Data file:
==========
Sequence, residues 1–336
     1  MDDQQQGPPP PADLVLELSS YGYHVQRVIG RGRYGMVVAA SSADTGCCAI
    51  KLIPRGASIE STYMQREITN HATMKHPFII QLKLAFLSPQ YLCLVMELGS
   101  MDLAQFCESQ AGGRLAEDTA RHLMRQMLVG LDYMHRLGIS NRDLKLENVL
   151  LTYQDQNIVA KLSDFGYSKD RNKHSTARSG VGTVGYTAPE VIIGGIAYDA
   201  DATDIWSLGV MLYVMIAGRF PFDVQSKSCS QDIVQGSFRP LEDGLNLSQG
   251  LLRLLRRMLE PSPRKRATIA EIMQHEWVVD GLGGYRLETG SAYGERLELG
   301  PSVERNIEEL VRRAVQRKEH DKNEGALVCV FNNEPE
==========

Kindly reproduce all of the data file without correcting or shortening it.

Sequence, residues 1–336
     1  MDDQQQGPPP PADLVLELSS YGYHVQRVIG RGRYGMVVAA SSADTGCCAI
    51  KLIPRGASIE STYMQREITN HATMKHPFII QLKLAFLSPQ YLCLVMELGS
   101  MDLAQFCESQ AGGRLAEDTA RHLMRQMLVG LDYMHRLGIS NRDLKLENVL
   151  LTYQDQNIVA KLSDFGYSKD RNKHSTARSG VGTVGYTAPE VIIGGIAYDA
   201  DATDIWSLGV MLYVMIAGRF PFDVQSKSCS QDIVQGSFRP LEDGLNLSQG
   251  LLRLLRRMLE PSPRKRATIA EIMQHEWVVD GLGGYRLETG SAYGERLELG
   301  PSVERNIEEL VRRAVQRKEH DKNEGALVCV FNNEPE